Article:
That there are companies that sell spy software, including to dubious regimes, researcher Sico van der Meer at institute Clingendael knew. Still, he amazes the size of the Israeli company NSO Group‘s Pegasus software to track journalists, politicians and activists.
“We knew that NSO Group software was sometimes deployed by authoritarian governments, but the scale on which is really surprising,” says Van der Meer. “And the convenience with which the software can be deployed is frightening.”
In some ways, the NSO Group does not differ from other start-ups in what is also called Silicon Wadi. That is the coastal area in Israel where many start-ups have settled – ‘Wadi‘ is an Arabic word for “valley” frequently used in Israel, too. In many cases, this concerns security companies.
Millions of venture investors, a shiny building near Tel Aviv, experts trained in the military as an expert in digital security: the NSO Group ticks off the boxes of an Israeli cybersecurity startup. But behind the reflective windows of the headquarters, things that cannot bear daylight are happening, Amnesty International and the journalist collective Forbidden Stories, together with various media organizations.
The company creates software that was used to break into phones from at least 180 journalists, including reporters from renowned media such as The New York Times, CNN and Reuters, as it became clear this week. Activists and politicians were also hacked.
A spokesperson for Amnesty International tells DecceIT that there are currently no indications that Dutch people were targeted.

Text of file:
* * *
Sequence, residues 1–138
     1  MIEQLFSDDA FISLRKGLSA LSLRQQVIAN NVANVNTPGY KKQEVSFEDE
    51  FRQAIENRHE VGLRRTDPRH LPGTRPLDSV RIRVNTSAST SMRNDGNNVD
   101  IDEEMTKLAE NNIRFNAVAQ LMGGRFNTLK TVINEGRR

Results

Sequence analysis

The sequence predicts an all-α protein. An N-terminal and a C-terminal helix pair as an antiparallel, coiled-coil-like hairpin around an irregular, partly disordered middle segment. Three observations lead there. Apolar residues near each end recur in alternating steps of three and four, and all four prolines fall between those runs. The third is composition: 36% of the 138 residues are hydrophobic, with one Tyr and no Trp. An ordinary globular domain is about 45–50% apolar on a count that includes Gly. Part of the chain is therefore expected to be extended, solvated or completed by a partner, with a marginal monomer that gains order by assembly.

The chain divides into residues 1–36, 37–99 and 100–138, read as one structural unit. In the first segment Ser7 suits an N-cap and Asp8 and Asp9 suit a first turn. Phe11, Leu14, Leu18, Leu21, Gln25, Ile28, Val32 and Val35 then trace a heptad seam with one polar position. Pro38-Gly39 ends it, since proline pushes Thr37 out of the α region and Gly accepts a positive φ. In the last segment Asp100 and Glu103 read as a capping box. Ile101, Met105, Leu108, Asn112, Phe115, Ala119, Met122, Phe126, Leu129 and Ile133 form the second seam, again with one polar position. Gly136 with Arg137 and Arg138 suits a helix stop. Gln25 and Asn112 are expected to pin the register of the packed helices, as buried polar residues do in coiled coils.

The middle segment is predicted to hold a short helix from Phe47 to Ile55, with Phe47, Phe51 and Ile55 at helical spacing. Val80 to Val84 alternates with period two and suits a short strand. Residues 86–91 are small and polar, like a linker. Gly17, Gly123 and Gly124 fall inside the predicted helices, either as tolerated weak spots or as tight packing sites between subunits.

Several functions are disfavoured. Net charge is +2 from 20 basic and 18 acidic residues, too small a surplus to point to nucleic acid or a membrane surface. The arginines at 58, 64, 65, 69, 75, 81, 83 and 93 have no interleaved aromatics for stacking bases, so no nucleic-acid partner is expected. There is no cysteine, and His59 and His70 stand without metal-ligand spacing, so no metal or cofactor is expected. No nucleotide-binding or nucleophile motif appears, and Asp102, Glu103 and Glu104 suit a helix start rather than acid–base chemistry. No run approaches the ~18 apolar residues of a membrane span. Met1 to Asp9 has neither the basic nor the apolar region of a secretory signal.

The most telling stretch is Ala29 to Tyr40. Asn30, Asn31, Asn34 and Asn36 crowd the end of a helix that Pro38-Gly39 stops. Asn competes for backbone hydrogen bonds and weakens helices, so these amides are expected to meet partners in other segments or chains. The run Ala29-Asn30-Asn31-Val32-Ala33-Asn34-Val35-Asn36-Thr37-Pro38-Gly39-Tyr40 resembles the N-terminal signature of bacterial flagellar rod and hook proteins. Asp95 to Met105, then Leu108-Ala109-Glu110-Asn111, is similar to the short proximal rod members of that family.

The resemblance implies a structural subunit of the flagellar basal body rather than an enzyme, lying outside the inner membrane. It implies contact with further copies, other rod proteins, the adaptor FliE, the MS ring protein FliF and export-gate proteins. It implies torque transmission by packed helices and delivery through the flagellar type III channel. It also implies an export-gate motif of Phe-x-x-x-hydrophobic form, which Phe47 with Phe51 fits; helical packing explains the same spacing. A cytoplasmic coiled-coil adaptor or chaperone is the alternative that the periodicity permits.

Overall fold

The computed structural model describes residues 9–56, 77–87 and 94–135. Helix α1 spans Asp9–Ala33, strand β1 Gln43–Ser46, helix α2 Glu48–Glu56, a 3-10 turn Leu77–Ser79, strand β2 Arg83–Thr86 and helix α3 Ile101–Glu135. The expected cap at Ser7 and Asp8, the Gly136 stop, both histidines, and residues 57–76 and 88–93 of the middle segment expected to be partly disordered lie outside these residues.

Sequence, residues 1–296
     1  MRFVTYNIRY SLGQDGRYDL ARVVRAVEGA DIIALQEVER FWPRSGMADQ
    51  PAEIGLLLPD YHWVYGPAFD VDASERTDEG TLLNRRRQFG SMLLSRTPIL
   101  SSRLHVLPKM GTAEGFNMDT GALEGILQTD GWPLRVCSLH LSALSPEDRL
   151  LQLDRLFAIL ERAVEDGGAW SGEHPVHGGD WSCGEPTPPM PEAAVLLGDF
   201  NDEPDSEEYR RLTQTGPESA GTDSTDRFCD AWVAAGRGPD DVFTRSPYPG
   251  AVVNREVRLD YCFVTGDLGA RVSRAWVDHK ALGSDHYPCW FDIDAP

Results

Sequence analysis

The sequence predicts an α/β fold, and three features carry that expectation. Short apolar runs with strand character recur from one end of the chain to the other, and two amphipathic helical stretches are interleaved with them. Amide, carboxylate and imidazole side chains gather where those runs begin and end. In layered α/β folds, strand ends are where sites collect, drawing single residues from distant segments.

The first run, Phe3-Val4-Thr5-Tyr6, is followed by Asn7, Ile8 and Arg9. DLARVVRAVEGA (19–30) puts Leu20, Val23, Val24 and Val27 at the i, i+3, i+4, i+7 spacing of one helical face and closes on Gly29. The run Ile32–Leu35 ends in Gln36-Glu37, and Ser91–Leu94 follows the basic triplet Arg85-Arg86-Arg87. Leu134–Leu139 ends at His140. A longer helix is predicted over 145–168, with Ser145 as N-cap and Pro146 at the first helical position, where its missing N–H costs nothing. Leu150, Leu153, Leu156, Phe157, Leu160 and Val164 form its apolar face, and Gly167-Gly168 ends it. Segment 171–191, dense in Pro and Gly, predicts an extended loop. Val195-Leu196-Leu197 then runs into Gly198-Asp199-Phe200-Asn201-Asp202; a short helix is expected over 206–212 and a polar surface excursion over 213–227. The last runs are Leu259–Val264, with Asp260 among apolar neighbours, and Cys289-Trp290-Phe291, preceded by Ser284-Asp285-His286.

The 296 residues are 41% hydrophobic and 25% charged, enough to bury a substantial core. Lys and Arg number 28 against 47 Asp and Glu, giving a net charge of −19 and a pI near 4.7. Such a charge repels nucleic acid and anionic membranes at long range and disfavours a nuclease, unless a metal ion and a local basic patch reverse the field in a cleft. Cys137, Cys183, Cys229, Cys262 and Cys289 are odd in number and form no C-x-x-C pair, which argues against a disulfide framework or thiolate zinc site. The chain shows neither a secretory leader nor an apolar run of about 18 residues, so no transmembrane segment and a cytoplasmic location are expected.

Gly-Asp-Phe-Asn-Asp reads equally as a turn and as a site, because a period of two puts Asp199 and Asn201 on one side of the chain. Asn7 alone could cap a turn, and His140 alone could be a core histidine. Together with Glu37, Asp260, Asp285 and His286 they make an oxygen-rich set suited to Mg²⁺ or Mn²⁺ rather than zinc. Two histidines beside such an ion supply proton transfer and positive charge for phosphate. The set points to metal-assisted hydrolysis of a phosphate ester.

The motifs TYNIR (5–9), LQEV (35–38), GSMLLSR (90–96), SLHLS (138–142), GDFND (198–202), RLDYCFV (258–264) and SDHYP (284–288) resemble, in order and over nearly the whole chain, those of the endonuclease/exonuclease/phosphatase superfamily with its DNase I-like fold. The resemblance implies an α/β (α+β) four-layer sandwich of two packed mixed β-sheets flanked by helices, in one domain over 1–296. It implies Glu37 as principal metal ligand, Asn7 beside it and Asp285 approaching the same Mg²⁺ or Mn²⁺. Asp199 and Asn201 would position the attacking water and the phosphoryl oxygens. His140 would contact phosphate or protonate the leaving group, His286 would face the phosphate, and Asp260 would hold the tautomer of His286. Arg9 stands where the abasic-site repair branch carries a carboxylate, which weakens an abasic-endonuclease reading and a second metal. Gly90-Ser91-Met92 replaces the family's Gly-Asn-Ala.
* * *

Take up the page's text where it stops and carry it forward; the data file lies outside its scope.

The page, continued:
“The NSO Group says to sell technology to combat terror and organised crime,” says Marietje Schaake. As a former D66 MEP, now affiliated with Stanford, she has been engaged in spying software trading for years. “But it’s clear that they‘re also targeting activists, journalists, and others. They pretend to sell software and can’t do anything about it afterwards. Very naive.”
NSO Group‘s Pegasus software is powerful: it lets you break into phones as a government and then intercept phone calls, text messages, emails and other activities on a smartphone. This can often be done even on new phones, with the latest software, and without the victims having to take action.
NSO Says Quarter Billion Sales Rejected
The software is the holy grail for police and investigations, and is worth a huge amount of money. They are secret services, police forces and armies that take the services of NSO. The company has sixty customers across 40 countries.
At the same time, the company does not stress delivering to all countries: it would have refused $250 million in sales in recent years due to the risk of human rights violations. It would have a list of 55 countries it refuses to do business with. The Israeli government also needs to approve a sale because the software is seen as a weapon.
Yet Morocco, Bahrain, Saudi Arabia and Hungary would use the spy software, including countries where press freedom and judiciary are under pressure.
‘International Discussion Welcome‘
“I hope Israel is forced to control the unbridled sales of this type of software,” says Van der Meer van Clingendael. “And there should be an international discussion about this kind of software to prevent anyone from becoming a victim here.”
Anyway, it’s a dilemma: search and intelligence services, also in the Netherlands, sometimes want to look at someone‘s phone for legitimate reasons as well. “This kind of spyware might be useful if security forces can solve terrorists and criminals,” says Van der Meer. “But in some countries, the distinction between terrorists and political opponents is less clear.”
Van der Meer thinks a good reason to think about this internationally. “Can we think of rules for this? And can they be maintained? Or was a monster created that can’t be tamed anymore?”